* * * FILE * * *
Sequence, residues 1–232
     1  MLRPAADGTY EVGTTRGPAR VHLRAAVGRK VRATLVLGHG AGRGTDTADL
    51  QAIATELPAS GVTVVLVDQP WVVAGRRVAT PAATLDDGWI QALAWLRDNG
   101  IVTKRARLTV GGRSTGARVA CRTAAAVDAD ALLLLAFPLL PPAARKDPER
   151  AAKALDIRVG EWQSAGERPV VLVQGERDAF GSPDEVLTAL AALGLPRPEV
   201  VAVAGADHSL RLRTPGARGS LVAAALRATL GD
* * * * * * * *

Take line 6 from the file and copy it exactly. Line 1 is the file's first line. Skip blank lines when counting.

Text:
   201  VAVAGADHSL RLRTPGARGS LVAAALRATL GD